The Nangpa La pass is a dangerous place. But tens of thousands of Tibetans have braved the deadly cold, altitude and terrain for a chance to escape China.
NAMCHE BAZAR, Nepal—There are a lot of ways to die on the Nangpa La. For one, the altitude can kill you.
This is what Tibetan refugees face as they flee China’s oppression: At more than 19,000 feet (roughly the same height as Mount Kilimanjaro in Africa) this mountain pass, which bridges the Himalayas between Nepal and Tibet, is high enough to cause cerebral and pulmonary edema, when the brain or lungs fill with fluid because of oxygen deficiency.
Both types of edema are quite sudden and deadly physiological reactions to the sparseness of oxygen at high altitude. The only cure—and chance for survival—is to descend to lower elevations and thicker air, quickly.
>>> This is Part 1 of Nolan Peterson’s three-part account of his trek to an age-old Himalayan trade route used by refugees. Read Part 2 here.
Headaches, breathlessness, and nausea are common at this altitude. But when one is alone in the remote Himalayas, far removed from the possibility of evacuation (or if you are a Tibetan refugee covertly fleeing across the Nangpa La), every symptom spurs the fear that it could be the beginning stages of a fatal reaction to the thin air.
And if so, your fate is in your own hands. There is no one to help you here. The line between survival and death is a thin one in this place.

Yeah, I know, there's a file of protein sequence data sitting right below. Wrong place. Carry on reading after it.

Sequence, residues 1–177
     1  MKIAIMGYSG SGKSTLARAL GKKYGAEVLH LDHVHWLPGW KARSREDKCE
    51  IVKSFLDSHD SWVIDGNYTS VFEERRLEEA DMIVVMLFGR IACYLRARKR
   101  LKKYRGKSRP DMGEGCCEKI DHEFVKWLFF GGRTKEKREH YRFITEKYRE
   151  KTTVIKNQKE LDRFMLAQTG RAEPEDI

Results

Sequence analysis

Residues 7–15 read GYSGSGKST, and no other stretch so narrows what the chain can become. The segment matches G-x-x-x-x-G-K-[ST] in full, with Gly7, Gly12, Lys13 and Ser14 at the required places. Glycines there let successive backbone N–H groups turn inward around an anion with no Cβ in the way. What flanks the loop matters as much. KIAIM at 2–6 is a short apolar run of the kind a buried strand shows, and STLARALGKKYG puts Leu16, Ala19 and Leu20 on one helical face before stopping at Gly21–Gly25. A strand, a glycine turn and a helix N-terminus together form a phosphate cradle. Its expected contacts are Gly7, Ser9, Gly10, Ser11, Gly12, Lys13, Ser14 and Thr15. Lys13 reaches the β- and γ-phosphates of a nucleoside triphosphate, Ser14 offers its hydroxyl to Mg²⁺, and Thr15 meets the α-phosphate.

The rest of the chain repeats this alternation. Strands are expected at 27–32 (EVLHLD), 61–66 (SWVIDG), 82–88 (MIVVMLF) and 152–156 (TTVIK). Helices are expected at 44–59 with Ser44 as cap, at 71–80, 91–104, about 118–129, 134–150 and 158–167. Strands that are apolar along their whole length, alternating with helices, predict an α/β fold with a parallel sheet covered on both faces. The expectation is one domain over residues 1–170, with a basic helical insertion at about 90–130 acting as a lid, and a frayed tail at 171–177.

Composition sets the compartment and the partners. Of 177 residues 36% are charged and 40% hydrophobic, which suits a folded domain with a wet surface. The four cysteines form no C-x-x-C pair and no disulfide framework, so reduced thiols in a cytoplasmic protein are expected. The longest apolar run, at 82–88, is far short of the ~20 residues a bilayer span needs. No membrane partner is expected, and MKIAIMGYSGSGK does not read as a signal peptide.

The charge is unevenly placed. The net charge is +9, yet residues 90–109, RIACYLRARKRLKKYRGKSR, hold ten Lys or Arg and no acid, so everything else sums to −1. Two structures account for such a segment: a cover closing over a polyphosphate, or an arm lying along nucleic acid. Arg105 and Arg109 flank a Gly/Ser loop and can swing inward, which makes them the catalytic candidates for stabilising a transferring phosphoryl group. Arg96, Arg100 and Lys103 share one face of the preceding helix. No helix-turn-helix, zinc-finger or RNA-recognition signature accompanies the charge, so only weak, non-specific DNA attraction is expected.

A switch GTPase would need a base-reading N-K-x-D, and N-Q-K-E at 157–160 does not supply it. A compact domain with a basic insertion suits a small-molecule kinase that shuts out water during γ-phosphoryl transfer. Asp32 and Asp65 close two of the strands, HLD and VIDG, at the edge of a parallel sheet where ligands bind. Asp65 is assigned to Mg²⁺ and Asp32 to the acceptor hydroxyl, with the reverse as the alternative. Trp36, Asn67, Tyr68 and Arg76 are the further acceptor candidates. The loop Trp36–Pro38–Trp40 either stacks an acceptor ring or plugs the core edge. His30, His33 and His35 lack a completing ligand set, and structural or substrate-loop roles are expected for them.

The vertigo-inducing terrain is also dangerous. The trail cuts across rumbling glaciers, lacerated with deep crevasses hidden beneath thin sheets of snow. On the approach marches on either side of the pass, the Himalayan landscape is steep, covered in loose stones and crumbling rocks prone to landslides. The sides of the trail are littered with the bones of unfortunate yaks that have fallen to their deaths.
Add to this the ever-present risk that a storm could blow through the Himalayas, sending the temperature double digits below zero (in both Fahrenheit and Celsius).
Fingers and toes go first, succumbing to frostbite. Then, if you aren’t wearing the right cold-weather clothes, you slowly die from hypothermia. It’s supposed to be a peaceful death, though. Bodies of mountaineers on peaks such as nearby Mount Everest are sometimes found half-clothed, evidence of the sensation of overwhelming heat one feels in the final throes of freezing to death.
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